There was no time to try to bundle them into carriers and strollers. Just then a young Marine came running into the center and asked what they needed. After hearing what the center director was trying to do, he ran back out into the hallway and disappeared. The director thought, “Well, here we are, on our own.”

About 2 minutes later, that Marine returned with 40 other Marines in tow. Each of them grabbed a crib with a child, and the rest started gathering up toddlers. The director and her staff then helped them take all the children out of the center and down toward the park near the Potomac River.

Once they got about 3/4 of a mile outside the building, the Marines stopped in the park, and then did a fabulous thing – they formed a circle with the cribs, which were quite sturdy and heavy, like the covered wagons in the Old West. Inside this circle of cribs, they put the toddlers, to keep them from wandering off. Outside this circle were the 40 Marines, forming a perimeter around the children and waiting for instructions. There they remained until the parents could be notified and come get their children.

The chaplain then said, “I don’t think any of us saw nor heard of this on any of the news stories of the day. It was an incredible story of our men there.” There wasn’t a dry eye in the room. The thought of those Marines and what they did and how fast they reacted; could we expect any less from them? It was one of the most touching stories from the Pentagon.

It’s the Military, not the politicians that ensures our right to life, liberty, and the pursuit of happiness. It’s the Military who salutes the flag, who serves beneath the flag, and whose coffin is draped by the flag. If you care to offer the smallest token of recognition and appreciation for the military, please pass this on and pray for our men and women, who have served and are currently serving our country, and pray for those who have given the ultimate sacrifice for freedom.

God Bless Our Troops!

There is nothing in this world that I respect more than the people who represent our country in the armed services. The courage, valor and bravery is unmatched by anything civilians like me can ever imagine.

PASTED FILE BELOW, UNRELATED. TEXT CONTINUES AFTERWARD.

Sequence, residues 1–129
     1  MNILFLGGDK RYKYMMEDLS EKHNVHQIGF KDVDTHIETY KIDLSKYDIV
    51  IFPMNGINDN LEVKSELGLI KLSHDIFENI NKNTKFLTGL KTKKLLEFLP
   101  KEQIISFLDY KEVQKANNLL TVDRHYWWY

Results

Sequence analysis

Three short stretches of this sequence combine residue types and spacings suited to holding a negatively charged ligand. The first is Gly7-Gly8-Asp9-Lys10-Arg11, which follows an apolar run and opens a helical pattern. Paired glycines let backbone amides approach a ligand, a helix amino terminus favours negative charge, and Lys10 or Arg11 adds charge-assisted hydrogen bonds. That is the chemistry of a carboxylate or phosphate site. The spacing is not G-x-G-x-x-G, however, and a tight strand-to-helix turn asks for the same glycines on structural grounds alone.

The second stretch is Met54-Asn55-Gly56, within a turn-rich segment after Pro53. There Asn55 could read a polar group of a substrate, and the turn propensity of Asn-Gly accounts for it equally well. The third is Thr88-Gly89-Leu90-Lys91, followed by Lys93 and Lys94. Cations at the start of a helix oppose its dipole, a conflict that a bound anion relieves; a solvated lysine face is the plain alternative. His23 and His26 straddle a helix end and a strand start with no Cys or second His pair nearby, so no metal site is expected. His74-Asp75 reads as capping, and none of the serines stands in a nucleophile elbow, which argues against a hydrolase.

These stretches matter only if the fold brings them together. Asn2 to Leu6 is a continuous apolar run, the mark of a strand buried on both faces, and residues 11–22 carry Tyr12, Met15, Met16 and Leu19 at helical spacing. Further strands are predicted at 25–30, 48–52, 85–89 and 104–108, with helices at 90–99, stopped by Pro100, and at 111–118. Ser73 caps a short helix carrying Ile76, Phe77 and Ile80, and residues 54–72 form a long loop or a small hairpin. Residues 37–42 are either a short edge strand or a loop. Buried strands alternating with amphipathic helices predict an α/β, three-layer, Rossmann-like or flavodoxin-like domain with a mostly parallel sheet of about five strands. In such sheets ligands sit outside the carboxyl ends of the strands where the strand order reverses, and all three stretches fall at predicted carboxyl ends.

It is fascinating to me when I hear stories of how people in the military go above and beyond the line of duty for a brother or sister in the heat of combat…sometimes giving the ultimate sacrifice…their lives…for their friends.

I recently saw the following video excerpt from the David Letterman Show in which Marine Corporal Kyle Carpenter was interviewed in front of a national audience. Needless to say, the entire crowd fell silent as the list of his injuries were read off and my gratitude and thankfulness for our troops sky-rocketed.

Corporal Carpenter, who was 19 years old at the time, fell on top of a grenade that was thrown at him and his best friend while they were in their observation post. After over 40 surgeries and receiving the Purple Heart, Kyle came onto the show to share his experience. I can’t even imagine the hundreds of thousands of other stories that we will never hear about.

Watch how he acts, speaks and how he perceives life. Simply awesome! It is my hope that this short video clip will inspire and warm your heart as much as it did mine!

Dressing A Soldier For The Last Time

 

Photo Credit: Sheep Dog - Impact Assistance's
Photo Credit: Sheep Dog – Impact Assistance’s

This is a picture the military has never let anyone see until now.

This is a picture behind the scenes at Dover Air Force Base where the bodies of fallen soldiers are prepared for burial.

And that includes being properly dressed, all the way down to the smallest detail.
In this picture Staff Sgt. Miguel Deynes is making sure the uniform is just right for an army pilot recently killed in Afghanistan.

There is a very specific process once a fallen soldier is returned home.

The bodies are flown back to the U.S. on a cargo jet.

A team of service members wearing white gloves carries the coffins, covered with flags, to a white van that takes them to the Armed Forces Medical Examiner.

The remains are washed, the hands are scrubbed clean, and the hair is shampooed. If necessary bones are wired together and damaged tissue is reconstructed with flesh-toned wax.

Sometimes they will use photos, sometimes just intuition to recreate the wrinkles in faces, and the lines around the mouth or the corner of the eyes.

“It has to look normal, like someone who is sleeping.”

Once the body is ready then the uniform is prepared.

That includes putting medals in the proper order on the ribbon rack above the jacket’s breast pocket.
During the height of the wars in Iraq and Afghanistan 10 to 20 bodies were arriving every day.

The embalmers often worked all night to get the bodies home on time. That can take an emotional toll so the mortuary has a large gym so workers can blow off steam.

Many say they are haunted by how young the fallen soldiers are, and by how many of them leave behind small children.

That’s why Sgt. Deynes says they are advised not to do research into the backgrounds of the soldiers.

“If I knew the story of every individual who went through here, I would probably be in a padded cell.”
The dress uniform being prepared in this particular case will be in a closed casket.

Even so, it will be perfectly tailored, starched and pressed. Everything will be checked down to the last detail.
Sgt. Deynes says, “They’re (the family) not going to see it. I do it for myself. It’s more than an honor it’s a blessing to dress that soldier for the last time.”

NEVER FORGET OUR FALLEN HEROES!!